Christmas can be difficult for families at the best of times, but it can be particularly difficult for separated families.

The closing date for the filing applications for parenting orders in the Family Court of Australia to be heard prior to Christmas is fast approaching. The cut off date this year is 4.00 pm on Friday 8 November 2019.

Applications may still be brought in the Federal Circuit Court of Australia, but unless there are circumstances of urgency, you may find that the application is listed for hearing next year.

If you don’t have a Parenting Plan or Court Orders dealing with the time that you will spend with your children over the Christmas break then you may be struggling with what to do about parenting arrangements, particularly on Christmas Day.

Many factors may influence your decision about what to do on Christmas Day including the age of the children, the proximity of the other parent, how amicable your relationship is with the other parent, family traditions, whether you celebrate Christmas at all and whether you plan to go on holiday over the Christmas break.

Most families are already stressed in the lead up to Christmas with extra functions, tired kids at the end of the school year and worries about shopping and planning a family get together. Here are a few suggestions that may help reduce the stress and keep the festive season festive:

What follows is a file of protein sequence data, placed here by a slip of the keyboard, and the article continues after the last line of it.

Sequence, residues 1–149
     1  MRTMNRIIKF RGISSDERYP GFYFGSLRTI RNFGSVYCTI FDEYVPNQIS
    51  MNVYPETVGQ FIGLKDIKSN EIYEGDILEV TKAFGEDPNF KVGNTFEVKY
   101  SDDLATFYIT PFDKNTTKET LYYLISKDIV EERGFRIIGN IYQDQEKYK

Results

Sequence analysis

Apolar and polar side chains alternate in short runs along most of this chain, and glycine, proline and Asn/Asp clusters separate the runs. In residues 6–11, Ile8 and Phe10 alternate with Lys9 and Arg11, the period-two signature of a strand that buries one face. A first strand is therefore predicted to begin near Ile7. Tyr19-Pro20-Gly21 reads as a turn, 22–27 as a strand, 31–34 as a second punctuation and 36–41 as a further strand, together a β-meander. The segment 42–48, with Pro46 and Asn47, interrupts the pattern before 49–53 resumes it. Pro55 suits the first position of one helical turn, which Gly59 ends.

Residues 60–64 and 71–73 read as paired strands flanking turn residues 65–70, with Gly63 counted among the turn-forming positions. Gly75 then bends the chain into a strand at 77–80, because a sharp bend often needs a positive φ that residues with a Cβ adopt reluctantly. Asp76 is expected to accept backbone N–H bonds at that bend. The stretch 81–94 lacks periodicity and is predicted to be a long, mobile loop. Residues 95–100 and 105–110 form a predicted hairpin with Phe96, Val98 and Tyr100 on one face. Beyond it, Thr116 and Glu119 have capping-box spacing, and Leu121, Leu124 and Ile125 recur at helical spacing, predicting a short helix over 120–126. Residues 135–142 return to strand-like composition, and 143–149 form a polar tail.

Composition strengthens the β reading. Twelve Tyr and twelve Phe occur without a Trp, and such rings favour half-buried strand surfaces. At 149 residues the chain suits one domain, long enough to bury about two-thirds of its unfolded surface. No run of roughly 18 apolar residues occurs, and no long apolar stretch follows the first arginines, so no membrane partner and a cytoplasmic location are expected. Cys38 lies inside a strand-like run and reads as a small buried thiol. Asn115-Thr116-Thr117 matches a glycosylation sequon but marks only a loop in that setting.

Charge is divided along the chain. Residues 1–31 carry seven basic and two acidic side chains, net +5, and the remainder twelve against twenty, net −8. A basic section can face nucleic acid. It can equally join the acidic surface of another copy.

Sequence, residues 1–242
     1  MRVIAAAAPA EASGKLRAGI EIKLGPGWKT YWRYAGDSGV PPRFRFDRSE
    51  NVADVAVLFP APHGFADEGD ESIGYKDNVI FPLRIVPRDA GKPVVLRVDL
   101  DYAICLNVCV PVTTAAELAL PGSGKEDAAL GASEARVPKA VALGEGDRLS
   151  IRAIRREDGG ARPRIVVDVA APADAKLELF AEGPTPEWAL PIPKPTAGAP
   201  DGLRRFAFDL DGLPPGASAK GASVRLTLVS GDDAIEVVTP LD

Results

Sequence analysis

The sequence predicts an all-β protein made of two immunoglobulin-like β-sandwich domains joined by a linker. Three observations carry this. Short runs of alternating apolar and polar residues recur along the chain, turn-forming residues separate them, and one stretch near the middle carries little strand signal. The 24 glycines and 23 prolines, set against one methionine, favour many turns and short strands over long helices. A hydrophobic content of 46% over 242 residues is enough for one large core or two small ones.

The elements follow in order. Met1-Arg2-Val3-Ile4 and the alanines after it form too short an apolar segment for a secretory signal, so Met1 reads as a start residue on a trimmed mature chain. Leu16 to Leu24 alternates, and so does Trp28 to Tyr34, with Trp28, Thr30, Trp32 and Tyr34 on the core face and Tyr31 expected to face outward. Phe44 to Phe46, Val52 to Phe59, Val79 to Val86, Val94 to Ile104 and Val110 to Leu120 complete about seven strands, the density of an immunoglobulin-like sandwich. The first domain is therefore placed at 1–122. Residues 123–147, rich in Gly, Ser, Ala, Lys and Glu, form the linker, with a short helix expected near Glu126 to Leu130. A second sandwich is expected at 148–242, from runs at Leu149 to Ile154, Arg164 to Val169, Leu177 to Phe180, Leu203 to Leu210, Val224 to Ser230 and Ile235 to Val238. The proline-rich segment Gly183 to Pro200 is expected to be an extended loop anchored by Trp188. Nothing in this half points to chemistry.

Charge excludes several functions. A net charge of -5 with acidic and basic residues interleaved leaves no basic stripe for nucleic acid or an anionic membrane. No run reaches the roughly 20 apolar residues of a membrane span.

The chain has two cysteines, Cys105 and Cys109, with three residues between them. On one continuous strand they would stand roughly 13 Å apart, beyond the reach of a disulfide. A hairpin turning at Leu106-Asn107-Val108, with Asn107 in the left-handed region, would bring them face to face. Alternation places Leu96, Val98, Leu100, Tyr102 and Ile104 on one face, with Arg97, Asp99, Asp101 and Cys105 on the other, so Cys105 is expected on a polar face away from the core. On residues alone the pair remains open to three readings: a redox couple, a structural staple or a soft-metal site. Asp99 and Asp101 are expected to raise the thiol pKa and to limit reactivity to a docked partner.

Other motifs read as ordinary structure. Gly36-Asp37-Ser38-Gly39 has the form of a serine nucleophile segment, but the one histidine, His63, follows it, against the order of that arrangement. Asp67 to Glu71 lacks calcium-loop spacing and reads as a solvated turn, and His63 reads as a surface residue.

• Don’t leave it too late. Have the discussion now. If you can’t reach an agreement, then consider engaging in Family Dispute Resolution to assist negotiations.
  • Where possible, cooperate with the other parent about gift buying. No one wins where parents try to outdo each other with Christmas gifts. You may end up with a very despondent kid who has 2 Xboxes and no games!’
  • Your child/children may want to take a gift to the other parent or family members at Christmas and they may need your help to do that.
  • If your kids are little make sure they know that Santa knows where they will be sleeping on Christmas Eve. It’s something that little people may be stressing about and adults may not realise.
  • Recognise other traditions and other religious celebrations. For example, if your partner is French then they may prefer to celebrate on Christmas Eve and if your partner is
  • Jewish maybe they would prefer to have the children for Hanukkah celebrations.
  • If you intend on splitting Christmas Day, make sure changeover time doesn’t clash with family events.
  • If your partner lives a long distance away, maybe alternate years would be better a better idea to save hours of travel for all concerned.

There is no ‘one size fits all’ arrangement when it comes to Christmas Day so think outside the box and make arrangements that fit your family best.

If you have any questions about Christmas arrangements or parenting matters generally make an appointment with one of our solicitors.